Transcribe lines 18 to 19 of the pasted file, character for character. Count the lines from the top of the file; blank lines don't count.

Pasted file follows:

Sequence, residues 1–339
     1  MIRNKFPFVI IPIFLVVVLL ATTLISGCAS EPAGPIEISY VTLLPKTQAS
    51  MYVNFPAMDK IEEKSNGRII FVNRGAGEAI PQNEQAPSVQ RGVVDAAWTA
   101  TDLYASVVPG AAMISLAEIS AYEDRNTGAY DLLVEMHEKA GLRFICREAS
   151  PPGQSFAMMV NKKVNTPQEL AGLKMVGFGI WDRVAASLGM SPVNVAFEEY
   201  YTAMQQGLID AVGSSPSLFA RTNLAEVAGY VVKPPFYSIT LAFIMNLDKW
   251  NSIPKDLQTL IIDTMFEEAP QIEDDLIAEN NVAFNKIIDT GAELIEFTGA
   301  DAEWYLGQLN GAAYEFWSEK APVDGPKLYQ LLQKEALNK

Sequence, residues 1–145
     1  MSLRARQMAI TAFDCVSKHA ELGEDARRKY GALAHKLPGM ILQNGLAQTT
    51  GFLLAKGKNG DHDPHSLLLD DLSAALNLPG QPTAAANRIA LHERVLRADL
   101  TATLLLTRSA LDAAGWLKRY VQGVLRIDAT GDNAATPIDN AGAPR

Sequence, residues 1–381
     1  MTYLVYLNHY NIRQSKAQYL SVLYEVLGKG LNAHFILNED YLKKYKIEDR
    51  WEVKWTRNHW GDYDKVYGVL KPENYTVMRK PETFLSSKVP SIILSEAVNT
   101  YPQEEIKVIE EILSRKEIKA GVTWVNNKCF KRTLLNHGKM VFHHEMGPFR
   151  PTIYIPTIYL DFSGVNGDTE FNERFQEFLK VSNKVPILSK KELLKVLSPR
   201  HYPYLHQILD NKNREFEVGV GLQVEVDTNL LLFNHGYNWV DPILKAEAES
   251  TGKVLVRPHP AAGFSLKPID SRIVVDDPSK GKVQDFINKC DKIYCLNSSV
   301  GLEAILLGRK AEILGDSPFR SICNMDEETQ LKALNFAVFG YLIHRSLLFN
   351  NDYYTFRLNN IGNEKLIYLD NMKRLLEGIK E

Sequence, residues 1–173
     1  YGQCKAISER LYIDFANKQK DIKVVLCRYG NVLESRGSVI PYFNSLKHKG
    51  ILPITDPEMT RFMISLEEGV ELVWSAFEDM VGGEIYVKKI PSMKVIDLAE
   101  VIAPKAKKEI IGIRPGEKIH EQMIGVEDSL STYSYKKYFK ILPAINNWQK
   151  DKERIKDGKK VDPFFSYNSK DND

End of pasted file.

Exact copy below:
   201  HYPYLHQILD NKNREFEVGV GLQVEVDTNL LLFNHGYNWV DPILKAEAES
   251  TGKVLVRPHP AAGFSLKPID SRIVVDDPSK GKVQDFINKC DKIYCLNSSV